Showing Up Anyways

For those of you who know me personally, you may have heard me talk about starting Opaline Hue.

I talk about how excited I am for these garments to come to the market. I drool over color palette and excitedly share about my branding ideas.

What you also may hear me say is, “It is so hard.”

But, it may not be hard in the way you think. The hours I put into it before and after my 9-5 aren’t what make it hard. The content creation, while a major mental workout, isn’t what makes it hard. It isn’t the exciting challenge of sourcing fabric. The hardest part isn’t even wondering if Opaline Hue will be a thing this time next year.

The really hard part of it all, the part that I have to battle to keep it going every day, is showing up as me.

I am showing up by writing down my words and exposing them for others to read. I am saying, “These are my thoughts for you to ingest.”

I am showing up when I draw a design and give it to a pattern maker to interpret. I am saying, “This is my idea - do that.”

I am showing up when I make a decision on the construction of my garment. I am saying, “My opinion matters. This way will be best.”

I am showing up by building this business. I am saying, “This will help you.”

And the scariest part of showing up is that in everything I am saying - I could be utterly wrong.

And isn’t that why we shy away from showing up? We shy away for fear of being wrong, unlikeable or not good enough. When we put effort forth in anything: parenting, relationships, our jobs, even just giving an opinion - we risk.

I will speak for myself, though I believe I’m not alone: I fear that rejection speaks not to my output but to my being.

Take a moment to let this sink in. Can you relate?

I have good news for you: Failure speaks to your creation, your words, your actions, and stops there.

If we hope to live out our lives in full, I believe we must show up as ourselves. And if we are going to face that risk of showing up as ourselves, I believe we must not let failure or rejection have the power to speak to our worth. We can learn to give rejection or criticism its proper place: a chance to inform our output and not our being.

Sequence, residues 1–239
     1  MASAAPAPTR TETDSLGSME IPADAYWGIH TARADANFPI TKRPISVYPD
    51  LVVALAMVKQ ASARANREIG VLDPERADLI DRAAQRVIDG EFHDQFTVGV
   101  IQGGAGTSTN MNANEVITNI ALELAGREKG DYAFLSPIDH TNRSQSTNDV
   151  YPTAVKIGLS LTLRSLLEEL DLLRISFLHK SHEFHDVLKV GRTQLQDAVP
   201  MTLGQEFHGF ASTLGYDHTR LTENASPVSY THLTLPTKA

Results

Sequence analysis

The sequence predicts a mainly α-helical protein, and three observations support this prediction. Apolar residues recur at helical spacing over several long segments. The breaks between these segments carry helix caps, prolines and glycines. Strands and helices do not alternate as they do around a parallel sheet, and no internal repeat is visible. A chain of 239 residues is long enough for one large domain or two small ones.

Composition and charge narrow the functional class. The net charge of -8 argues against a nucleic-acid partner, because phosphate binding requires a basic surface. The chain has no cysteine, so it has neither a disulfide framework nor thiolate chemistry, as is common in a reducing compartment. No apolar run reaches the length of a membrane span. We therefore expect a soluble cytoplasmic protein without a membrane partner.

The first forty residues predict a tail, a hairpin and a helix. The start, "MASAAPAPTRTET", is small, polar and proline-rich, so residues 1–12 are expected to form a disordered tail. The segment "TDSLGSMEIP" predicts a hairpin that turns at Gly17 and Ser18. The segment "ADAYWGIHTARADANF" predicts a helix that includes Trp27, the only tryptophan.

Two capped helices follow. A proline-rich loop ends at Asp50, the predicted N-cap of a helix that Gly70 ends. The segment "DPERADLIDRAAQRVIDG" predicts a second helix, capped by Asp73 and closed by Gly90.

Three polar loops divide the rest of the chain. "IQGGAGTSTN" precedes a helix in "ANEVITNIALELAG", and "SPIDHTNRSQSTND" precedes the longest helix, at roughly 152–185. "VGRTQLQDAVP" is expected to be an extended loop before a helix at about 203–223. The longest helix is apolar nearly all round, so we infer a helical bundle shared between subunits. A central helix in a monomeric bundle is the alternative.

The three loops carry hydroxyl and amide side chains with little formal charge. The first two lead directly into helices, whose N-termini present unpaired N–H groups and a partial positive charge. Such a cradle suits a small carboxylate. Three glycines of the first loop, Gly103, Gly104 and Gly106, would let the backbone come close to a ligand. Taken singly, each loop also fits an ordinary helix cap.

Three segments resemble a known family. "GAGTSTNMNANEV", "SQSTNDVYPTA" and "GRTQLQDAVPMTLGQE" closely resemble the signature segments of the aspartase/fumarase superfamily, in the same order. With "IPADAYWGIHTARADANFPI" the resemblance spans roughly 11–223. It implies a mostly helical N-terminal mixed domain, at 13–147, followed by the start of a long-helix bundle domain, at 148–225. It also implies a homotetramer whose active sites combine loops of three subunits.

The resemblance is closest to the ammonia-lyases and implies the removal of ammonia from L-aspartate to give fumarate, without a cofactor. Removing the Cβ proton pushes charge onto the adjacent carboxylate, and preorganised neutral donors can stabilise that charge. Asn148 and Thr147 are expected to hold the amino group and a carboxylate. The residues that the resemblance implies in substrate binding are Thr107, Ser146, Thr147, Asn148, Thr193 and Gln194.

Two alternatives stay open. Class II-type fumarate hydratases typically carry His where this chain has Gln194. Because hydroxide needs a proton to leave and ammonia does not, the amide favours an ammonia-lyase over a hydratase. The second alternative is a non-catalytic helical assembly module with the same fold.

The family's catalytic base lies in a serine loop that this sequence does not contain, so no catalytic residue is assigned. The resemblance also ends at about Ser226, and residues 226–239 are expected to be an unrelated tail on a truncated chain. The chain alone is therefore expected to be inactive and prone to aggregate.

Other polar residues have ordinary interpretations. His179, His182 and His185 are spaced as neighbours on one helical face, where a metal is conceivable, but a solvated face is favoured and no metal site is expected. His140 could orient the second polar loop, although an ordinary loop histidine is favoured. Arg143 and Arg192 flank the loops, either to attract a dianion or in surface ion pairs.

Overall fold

I have a few thoughts on the practice of facing the fear of rejection and showing up.

1. Try something a little vulnerable and scary, and see what happens. I think you’ll find the outcome is not so bad. If indeed the outcome is terrible, you will realize you lived through it and you are still you on the other side. Take it from Tina Fey in her book Bossypants: “What I learned about ‘bombing’ as an improviser at Second City was that bombing is painful, but it doesn’t kill you. No matter how badly an improv set goes, you will still be physically alive when it’s over.”

2. Begin to notice how your body and your mind feel when receiving criticism or making a mistake. I think understanding our subconscious reaction is a first step in training ourselves to handle let down without allowing it to speak to our worth or value.

3. Understand you are not alone. Choosing to show up, to give forth your effort is a vulnerable thing. To be vulnerable is to risk. The people around us who we see showing up are not immune to rejection or failure. They haven’t figured out how to avoid it. They haven’t learned to numb the pain. Rather, they have discovered how to receive it and turn it into fuel for the journey.

Showing up is simply being present and giving your energy to the life that is in front of you. It is a going to be a risk.

And when we show up as ourselves, we may find that at times we are utterly wrong.

But, there is so much good news. There is grace for mistakes. Humility is a gift and a muscle we can exercise. We are not unique in being imperfect. Our worth actually has nothing to do with being right.

And there is tomorrow - a new chance to show up.

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